Ten years ago I thought my life was over. I had just quit my childhood dream, something I had worked for intensively: studying piano at music college. It hadn’t happened suddenly, although it felt like that at the time: after a good and well-prepared entrance exam I emotionally disintegrated in a couple of weeks’ time and just couldn’t manage to pick myself up again.
I didn’t understand why I wasn’t the happiest person on earth to finally be living my dream of becoming a pianist. I felt quite the opposite, sinking away in the quicksand of a depression that had surfaced a year before. A combination of other factors -not choosing the right piano teacher, my dad’s heart operation- made me an easy prey, and before the 1st semester was over I called it quits and never wanted to touch a piano ever again.
The following year was equally turbulent: I practically fled from my life to work in Bournemouth, Great-Britain as a care assistant in a rest home for a couple of months, meanwhile my parents split and we first heard about my dad’s autism (Asperger’s). Now they’re a couple of facts in just one sentence, but at the time it caused a tsunami of triggers -emotions and memories- that lasted for years. Suddenly my depression started to make sense, and piece by piece I put my childhood and my life back in order.
It is easy to state it like that, it doesn’t tell you anything about the emotional hell I went through on a daily basis. Good days were the ones on which I didn’t get crushed under emotional triggers, and they were scarce. It wore me out, also physically and by 2004 I had lost about 10 kg. Always having been thin, it nearly got me hospitalized. I’m still recovering from it as I haven’t been able to get quite back on weight yet!
It didn’t really have a name, the therapists I worked with didn’t use them and I knew well enough for myself what it was all about, but it was a bit awkward to tell to people, or to explain the lack of diplomas and gaps in my resumé. Post-traumatic stress syndrome comes close; living for a prolonged period or growing up in a continued stressful situation will do the same as experiencing extreme stress under extreme circumstances for short periods. It made me f***ing crazy. Panic attacks out of nowhere, hyperventilating all the way, extreme emotions, sudden phobias…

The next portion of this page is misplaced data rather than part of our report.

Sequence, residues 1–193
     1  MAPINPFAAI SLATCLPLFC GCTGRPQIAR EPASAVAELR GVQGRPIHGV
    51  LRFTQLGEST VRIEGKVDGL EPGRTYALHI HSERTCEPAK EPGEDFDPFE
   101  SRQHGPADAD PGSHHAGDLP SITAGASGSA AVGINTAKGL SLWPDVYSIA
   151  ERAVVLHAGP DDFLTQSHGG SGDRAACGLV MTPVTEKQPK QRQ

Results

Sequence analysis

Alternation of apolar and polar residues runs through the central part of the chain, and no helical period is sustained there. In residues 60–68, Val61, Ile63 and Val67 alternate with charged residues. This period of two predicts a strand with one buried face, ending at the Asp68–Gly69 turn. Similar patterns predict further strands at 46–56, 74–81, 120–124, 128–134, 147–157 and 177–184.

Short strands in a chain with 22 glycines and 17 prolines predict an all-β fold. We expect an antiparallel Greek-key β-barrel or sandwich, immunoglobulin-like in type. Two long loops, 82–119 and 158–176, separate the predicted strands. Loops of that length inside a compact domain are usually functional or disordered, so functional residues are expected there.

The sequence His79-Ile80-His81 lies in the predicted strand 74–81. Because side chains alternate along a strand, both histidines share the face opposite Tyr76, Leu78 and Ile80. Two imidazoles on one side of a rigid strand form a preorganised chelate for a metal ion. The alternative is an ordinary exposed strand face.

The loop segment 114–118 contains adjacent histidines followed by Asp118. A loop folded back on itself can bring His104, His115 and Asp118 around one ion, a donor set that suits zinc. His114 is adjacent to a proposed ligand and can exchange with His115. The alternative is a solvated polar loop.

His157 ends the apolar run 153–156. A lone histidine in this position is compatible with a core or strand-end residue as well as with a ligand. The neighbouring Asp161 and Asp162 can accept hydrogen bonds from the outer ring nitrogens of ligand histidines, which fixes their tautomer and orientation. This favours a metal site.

So it didn’t come as a surprise when doctors thought I had chronic fatigue syndrome in 2006. It was a relief to put a name to it, and be able to tell people if they needed an explanation. It didn’t have the taboo of psychological troubles.
Meanwhile I had moved to Gent and glass and metal had entered my life… I’ve never quite gone back to playing the piano anymore, but those two base materials have filled that gap better than I could imagine: they helped me find my muse again.
Since 2007 my life seems to be on the upswing, and all that soul work slowly started paying off. Good days became more frequent, and then they became the majority again. Now I rarely have bad days. Triggers still overwhelm me but I seem to bounce back more easily than before, as if I’ve built mental muscles. Balance is bliss…and the perfect fertile ground for creative work, which in turn feeds the soul.
So that was my decade.
In 2000 I
- could count the times I had been on the internet on 1 hand
- didn’t have a cellphone
- upgraded to a 2nd hand computer with Windows 95
- bought an orange T-shirt I still wear
- discovered aromatherapy, shiatsu & macrobiotics
- listened mostly to medieval & dark wave (classical music was out of the question)
- cut my hair (from looong down my back to spiky short)
- made notebooks from old printerpaper
- got rejected applying for a job with a famous jewelry designer in Antwerp…haha!
- smoked marlboro menthol cigarettes whenever I could find them (not in Belgium)
How was yours? 🙂